Supply chain compliance is among the top challenges leading supply chain and procurement organizations have to focus on. Forty-five (45) percent of supply chain executives say that they are experiencing increased pressure for regulatory compliance and internal compliance to contracts, according to a recent Aberdeen study. Companies experiencing supply-chain fraud, waste, or abuse even rose from 26% in 2014 to 29% in 2015, according to Deloitte.
Compliance is also a hot topic, when it comes to supplier management and their social, labor and working conditions. Just recently, a large Swiss food producer was sued over claims that one of its cat food contained fish from a Thai supplier that uses slave labor. No matter if a compliance issue is within your company or with one of your suppliers, non-compliance can damage your company’s brand and reputation, lead to delays in launch of new products and services, supply chain disruptions, regulatory penalties or environmental health and safety issues. To avoid the risk of bad reputation, ethical or compliance issues with suppliers or sub-suppliers, you need to carefully assess and qualify new suppliers for onboarding and evaluate risk that may be caused by existing suppliers and their sub-suppliers. Leading organizations make compliance management a priority. Over 47% of companies have established programs to prevent and detect supply-chain risks (up from 43% a year ago), according to Deloitte. They recognize the importance of capabilities enabling them to gain greater visibility and trust across their supply chains.
Here are four ways that will help you better achieve supply chain compliance:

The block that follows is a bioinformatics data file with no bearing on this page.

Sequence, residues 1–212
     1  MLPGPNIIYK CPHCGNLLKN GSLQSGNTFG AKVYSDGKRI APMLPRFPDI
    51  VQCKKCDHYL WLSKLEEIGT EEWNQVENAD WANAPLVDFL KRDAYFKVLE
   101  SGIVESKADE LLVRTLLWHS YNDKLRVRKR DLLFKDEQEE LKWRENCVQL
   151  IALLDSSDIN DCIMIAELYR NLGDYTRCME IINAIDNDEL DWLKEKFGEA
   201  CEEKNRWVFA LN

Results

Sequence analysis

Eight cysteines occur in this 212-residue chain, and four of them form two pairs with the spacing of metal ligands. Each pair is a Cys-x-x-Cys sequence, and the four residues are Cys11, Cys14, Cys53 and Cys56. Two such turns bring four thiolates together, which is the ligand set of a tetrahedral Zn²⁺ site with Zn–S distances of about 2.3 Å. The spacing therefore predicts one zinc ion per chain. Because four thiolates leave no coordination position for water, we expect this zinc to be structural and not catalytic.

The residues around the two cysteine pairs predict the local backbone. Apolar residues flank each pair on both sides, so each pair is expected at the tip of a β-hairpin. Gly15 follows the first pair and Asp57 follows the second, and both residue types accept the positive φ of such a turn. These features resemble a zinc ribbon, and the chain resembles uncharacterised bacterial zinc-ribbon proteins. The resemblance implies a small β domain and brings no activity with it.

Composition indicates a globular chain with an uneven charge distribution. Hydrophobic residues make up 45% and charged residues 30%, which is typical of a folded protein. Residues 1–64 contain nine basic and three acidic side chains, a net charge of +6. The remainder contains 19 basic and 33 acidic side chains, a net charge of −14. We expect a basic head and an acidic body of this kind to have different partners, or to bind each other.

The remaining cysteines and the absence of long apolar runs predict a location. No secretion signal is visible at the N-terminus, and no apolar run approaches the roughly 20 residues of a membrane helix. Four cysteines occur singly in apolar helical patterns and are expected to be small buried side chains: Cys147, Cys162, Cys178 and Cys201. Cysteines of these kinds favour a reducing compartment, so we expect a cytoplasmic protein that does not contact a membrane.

1. Make ethics and compliance a factor when qualifying a new supplier
When on-boarding a new supplier, make sure you carefully assess and prequalify the new vendor. Exclude non-compliance before signing a contract. Verify supplier compliance during the on-boarding process by using checklists and standardized workflows. Make sure you communicate your organization’s ethics and values. The supplier needs to understand and align with them. Use supplier risk questionnaires embedded in the online approval process of your supplier self-service portal. Questions should be configurable based on your company’s requirements, industry standards and the products or services provided. They may contain the categories, insurance, safety, environment, sustainability, legal and financial information or sub-suppliers. Once on-boarded, evaluate and assess suppliers periodically for compliance to ensure their ongoing commitment to your company’s values. According to Deloitte, about 65% of respondents said their companies perform due diligence on at least some vendors and business partners.
2. Improve supply chain visibility and get a 360 view of your suppliers and sub-suppliers